Samsung Unveils Recycling Plan for Faulty Note 7 Smartphones


Photo-illustration: Pixabay

Samsung has officially divulged its plan for sustainably handling the estimated 4.3 million Galaxy Note 7 smartphones it was forced to recall last year after numerous reports of battery faults from consumers.

Following pressure from green groups and campaigners, the electronics giant yesterday set out three principles it said would ensure the devices “are recycled and processed in an environmentally-friendly manner”.

The company also said it plans to join the European Union’s R&D and testing efforts “to develop new eco-friendly processing methods” as part of its ongoing commitment to recycling.

The flagship phones were recalled weeks after first being launched on the market last September, forcing Samsung to additionally halt production of the defective devices in order to establish the cause of the battery problems.

However, the company at the time declined to provide precise details of whether the recalled phones and components would be refurbished or recycled, which green groups said would help reduce the environmental impact of the recall.

However, ahead of the launch of its latest smartphone model and the first since the Note 7 on March 29 – the Galaxy S8 – Samsung yesterday set out its plan for dealing with the faulty phones.

In the first instance, the company said the devices would be considered for use as refurbished phones or rental phones where applicable, dependent on consultations with regulatory authorities and carriers.

Then, if that is not possible, salvageable components should be detached for reuse in other products.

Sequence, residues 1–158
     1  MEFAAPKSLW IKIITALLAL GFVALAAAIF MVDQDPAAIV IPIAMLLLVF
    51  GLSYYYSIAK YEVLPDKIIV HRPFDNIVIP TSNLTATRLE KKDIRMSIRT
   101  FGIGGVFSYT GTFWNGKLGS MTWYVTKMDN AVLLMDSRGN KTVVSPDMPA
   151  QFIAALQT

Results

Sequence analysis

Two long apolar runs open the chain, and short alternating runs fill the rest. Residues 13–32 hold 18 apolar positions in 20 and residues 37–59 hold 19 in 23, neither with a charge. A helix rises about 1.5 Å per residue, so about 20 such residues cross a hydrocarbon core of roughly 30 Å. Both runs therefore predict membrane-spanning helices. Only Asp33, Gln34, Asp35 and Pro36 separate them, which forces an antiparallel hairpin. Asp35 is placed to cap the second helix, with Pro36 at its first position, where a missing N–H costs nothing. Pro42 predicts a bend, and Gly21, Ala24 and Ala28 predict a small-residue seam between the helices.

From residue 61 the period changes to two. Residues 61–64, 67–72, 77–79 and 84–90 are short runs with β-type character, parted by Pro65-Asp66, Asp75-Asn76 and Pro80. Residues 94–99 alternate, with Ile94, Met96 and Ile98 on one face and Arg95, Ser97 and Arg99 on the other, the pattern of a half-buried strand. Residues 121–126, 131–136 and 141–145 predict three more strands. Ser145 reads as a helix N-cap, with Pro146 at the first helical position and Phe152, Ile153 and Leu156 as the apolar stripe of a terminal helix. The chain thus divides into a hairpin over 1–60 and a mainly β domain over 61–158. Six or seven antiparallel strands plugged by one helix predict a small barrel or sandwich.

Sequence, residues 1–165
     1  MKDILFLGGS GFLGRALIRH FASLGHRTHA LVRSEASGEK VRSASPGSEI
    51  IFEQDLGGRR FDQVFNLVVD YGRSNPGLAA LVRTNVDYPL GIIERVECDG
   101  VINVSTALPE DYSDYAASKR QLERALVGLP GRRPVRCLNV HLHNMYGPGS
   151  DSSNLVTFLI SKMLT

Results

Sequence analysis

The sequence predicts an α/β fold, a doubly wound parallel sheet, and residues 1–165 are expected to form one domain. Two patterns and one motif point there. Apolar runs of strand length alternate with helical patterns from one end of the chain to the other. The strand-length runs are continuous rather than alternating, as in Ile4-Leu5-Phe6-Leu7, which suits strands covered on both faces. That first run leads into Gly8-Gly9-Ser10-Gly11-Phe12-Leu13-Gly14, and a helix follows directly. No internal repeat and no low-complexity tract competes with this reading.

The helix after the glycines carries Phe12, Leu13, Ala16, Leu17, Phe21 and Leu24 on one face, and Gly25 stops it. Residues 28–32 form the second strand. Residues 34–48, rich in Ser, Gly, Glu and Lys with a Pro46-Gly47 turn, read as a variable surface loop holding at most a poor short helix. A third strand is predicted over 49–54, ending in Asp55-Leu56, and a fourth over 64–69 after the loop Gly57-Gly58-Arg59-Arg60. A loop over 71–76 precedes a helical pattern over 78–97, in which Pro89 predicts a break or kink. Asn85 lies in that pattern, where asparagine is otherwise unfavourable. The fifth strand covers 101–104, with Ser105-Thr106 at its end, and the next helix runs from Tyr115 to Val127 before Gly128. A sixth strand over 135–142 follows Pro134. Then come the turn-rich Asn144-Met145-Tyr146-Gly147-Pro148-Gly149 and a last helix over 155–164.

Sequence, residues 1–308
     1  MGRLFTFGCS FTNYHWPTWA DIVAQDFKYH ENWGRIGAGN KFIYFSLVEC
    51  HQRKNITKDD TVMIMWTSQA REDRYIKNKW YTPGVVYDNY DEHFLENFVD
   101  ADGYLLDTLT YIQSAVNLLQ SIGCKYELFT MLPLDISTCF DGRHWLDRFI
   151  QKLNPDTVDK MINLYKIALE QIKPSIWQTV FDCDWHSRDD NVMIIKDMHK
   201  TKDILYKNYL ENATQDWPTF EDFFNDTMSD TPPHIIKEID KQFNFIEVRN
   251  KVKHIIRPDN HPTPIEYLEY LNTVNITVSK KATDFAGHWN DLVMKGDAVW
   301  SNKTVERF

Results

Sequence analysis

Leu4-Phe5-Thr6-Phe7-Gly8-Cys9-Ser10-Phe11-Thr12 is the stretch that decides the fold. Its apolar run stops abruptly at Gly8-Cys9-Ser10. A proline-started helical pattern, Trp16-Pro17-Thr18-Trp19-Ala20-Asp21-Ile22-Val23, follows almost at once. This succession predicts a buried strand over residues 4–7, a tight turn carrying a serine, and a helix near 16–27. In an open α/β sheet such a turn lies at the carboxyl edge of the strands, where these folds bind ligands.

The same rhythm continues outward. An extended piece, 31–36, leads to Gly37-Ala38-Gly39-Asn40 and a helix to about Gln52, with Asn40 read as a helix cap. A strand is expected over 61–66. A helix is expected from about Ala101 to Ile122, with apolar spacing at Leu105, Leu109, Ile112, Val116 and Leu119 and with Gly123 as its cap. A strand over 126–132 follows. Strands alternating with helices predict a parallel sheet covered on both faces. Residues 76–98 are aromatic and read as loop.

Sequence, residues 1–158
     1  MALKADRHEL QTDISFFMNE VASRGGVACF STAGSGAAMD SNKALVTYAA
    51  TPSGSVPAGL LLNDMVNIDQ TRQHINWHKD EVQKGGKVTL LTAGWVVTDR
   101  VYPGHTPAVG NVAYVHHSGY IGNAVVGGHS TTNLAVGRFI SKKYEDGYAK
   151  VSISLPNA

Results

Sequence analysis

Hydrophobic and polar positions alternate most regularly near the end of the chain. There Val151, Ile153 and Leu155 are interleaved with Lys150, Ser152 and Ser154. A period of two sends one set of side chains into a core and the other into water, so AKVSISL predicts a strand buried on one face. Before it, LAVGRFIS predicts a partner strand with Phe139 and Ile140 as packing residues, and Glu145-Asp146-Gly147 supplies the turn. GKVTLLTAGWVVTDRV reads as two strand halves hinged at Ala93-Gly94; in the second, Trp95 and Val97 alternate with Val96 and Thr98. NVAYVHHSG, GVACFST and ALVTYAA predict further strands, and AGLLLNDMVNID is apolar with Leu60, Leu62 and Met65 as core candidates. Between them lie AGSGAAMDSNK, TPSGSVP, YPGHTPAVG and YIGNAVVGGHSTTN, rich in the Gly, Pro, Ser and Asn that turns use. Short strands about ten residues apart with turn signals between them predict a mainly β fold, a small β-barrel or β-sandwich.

Finally, the third option would see Samsung work with specialist companies using “environmentally friendly methods” to extract valuable metals from the phones such as copper, nickel, gold and silver for recycling.

Jude Lee, global senior campaigner at Greenpeace East Asia, said the announcement demonstrated Samsung had listened to consumers and campaigners and had taken a major step towards shifting the way electronics are produced and disposed of globally.

But he urged the company to provide more detail on its recycling plan. “While we welcome this news, Samsung must share as soon as possible more detailed timelines on when it will implement its promises, as well as how it intends to change its production system to make sure this never happens again,” Lee said. “The average smartphone in the US is used for about two years, adding to growing piles of e-waste around the world. This is simply not sustainable. Samsung and other IT companies such as Apple should manufacture phones that are easy to repair, refurbish, and upgrade.”